Learn more here.

Garmin Perspective Tips & Tricks


The Garmin Perspective and Perspective + are awesome pieces of equipment.  There is so much a pilot can do with this system that it can sometimes get overwhelming. There are two very important features of the Garmin Perspective that all IFR pilots need to know, but are tricky to do if the correct buttons aren’t pushed.

The two features of the Garmin Perspective I want to focus on today are the “Load Airway” feature and the “Hold at Waypoint” feature.  The “Load Airway” feature is especially handy when flying IFR long distances with several airways as part of the clearance.  Here’s how to utilize both on the Garmin Perspective.

Load Airway

  • On your flight plan page, insert the waypoint where you will be joining the airway, or, if your clearance was radar vectors to join an airway, then insert the waypoint on the airway that begins the leg you will be joining on
  • Press the Menu key on the keypad
  • A menu will pop up. Scroll down to highlight Load Airway
  • Highlight the Airway you want from the next menu that pops up then press Enter
  • Then, a list of waypoints will display to exit the airway. Highlight the waypoint where you will be exiting the airway and Press Enter
  • The cursor will then move down to Load at the bottom of the menu. Press Enter to load the airway
  • The Airway and all the waypoints in between your entry and exit waypoints appear in your flight plan
  • If you are getting vectors to join the airway, you’ll need to use the Activate Leg function to activate the leg you will be joining the airway on
    • On the Flight Plan page, highlight the waypoint that ends the leg you want to activate
    • Look for the ACT LEG soft key on the lower right hand side of the MFD and press
    • This Activates the leg on the airway. Then, just simply fly the heading assigned by ATC until the CDI needle centers showing you are on the airway

Hold At Waypoint

The Garmin Perspective allows pilots to place a holding pattern at any waypoint that is in the Nav Database (or any user created waypoint).  Here’s how to do it.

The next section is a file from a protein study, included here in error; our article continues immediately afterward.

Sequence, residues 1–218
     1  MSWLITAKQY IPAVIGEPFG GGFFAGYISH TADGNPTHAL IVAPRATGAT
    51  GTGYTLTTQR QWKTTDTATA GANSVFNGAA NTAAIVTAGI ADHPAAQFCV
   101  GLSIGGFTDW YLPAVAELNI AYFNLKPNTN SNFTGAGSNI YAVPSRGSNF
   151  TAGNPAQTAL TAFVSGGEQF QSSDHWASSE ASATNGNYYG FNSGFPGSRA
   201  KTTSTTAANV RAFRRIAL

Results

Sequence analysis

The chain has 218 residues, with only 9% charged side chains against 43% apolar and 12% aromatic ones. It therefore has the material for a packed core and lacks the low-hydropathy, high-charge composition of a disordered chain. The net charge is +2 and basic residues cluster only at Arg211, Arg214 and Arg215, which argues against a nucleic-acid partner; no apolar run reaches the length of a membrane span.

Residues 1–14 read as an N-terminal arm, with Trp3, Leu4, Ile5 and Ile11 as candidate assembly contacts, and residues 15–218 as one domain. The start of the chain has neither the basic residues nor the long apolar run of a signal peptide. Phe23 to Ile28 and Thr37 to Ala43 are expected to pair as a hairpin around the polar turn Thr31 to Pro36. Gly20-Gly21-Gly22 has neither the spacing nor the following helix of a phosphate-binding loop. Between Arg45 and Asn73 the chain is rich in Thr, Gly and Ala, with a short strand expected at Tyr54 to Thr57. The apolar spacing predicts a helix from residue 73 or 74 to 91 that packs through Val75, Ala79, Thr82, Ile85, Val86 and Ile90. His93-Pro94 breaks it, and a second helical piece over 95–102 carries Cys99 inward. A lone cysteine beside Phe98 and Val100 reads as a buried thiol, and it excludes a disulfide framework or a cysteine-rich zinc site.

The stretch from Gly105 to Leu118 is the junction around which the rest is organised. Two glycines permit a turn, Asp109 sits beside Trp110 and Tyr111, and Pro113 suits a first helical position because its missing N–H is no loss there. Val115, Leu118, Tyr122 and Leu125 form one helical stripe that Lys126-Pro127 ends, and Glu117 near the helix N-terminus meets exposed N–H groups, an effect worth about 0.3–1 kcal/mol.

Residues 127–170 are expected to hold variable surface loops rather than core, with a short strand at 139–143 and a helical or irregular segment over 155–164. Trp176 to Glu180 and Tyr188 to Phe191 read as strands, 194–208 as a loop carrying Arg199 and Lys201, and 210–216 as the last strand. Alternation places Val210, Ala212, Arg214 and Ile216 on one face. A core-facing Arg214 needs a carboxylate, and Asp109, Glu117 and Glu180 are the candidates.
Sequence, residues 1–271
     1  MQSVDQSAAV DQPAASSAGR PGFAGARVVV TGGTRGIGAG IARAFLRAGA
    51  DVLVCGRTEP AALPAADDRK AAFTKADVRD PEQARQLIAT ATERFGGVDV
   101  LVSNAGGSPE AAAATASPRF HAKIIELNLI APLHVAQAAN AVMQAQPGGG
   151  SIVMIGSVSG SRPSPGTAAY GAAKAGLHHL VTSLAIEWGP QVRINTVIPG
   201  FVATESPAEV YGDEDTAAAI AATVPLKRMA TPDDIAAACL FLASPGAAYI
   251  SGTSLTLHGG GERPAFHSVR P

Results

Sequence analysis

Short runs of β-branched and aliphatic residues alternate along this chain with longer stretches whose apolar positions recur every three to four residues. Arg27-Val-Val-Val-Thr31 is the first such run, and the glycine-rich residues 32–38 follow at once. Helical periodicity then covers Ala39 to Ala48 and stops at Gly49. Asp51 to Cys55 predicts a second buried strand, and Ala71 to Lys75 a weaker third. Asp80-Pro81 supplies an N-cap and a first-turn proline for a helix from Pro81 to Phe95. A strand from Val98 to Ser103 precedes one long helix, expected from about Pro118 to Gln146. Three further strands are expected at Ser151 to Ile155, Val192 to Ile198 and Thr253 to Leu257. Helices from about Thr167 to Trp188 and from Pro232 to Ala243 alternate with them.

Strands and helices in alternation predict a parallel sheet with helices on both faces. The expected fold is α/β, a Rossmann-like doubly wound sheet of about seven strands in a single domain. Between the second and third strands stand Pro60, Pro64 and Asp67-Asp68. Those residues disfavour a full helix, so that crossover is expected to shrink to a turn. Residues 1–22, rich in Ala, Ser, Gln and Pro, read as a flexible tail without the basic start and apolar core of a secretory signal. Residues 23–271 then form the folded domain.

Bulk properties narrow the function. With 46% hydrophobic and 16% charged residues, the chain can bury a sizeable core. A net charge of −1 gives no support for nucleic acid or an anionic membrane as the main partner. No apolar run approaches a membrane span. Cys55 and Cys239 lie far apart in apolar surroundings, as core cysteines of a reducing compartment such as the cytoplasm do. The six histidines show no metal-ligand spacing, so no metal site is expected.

• On the Flight Plan page, highlight the Waypoint that you want to hold over and press Menu on the keypad
  • On the menu that pops up, highlight Hold At Waypoint and press Enter
  • On the next menu that pops up, input either the inbound or outbound course, right or left turns, leg time or distance, and the EFC time, then highlight Load and press Enter
  • You will see the hold now as a Waypoint in your flight plan

Piper PA46 Partnership in San Antonio


A Piper PA46 partnership is being formed in the San Antonio area. Two to three partners are being sought to purchase either a Piper PA46-310P Malibu or a ’90s model Piper PA46-350P Mirage.

The Piper PA46 Malibu is the original Piper PA46 airframe. It is equipped with a Continental TSIO 520, 310HP engine (though many have been upgraded to the Continental TSIO 550C engine, which is a great upgrade), is complex, and pressurized (the best feature about the airplane!). The six seat airframe travels around 185-190 KTAS at FL200 on 16-17 GPH, giving an incredible range with 120 gallons of fuel.

The Piper Mirage is what Piper designated the PA46 when it switch to the Lycoming TIO 540 350HP engine in 1989. The airframe remained the same, but the engine eeks out a few more KTAS at 22-25 GPH depending on how high the cruise altitude is.

Both the Piper Malibu and the ’90s model Mirage are equipped with the KFC 150 autopilot. A lot of the Piper PA46 airframes still have a Garmin 530W/430W or dual 430Ws, but a large number have been upgraded to the Garmin GTN 750/650, while a few have opted for the Avidyne IFD 540/440 GPS units. There are a fair number still with steam gauges, while some have upgraded to Aspen units or the Garmin G500 or G500TXi.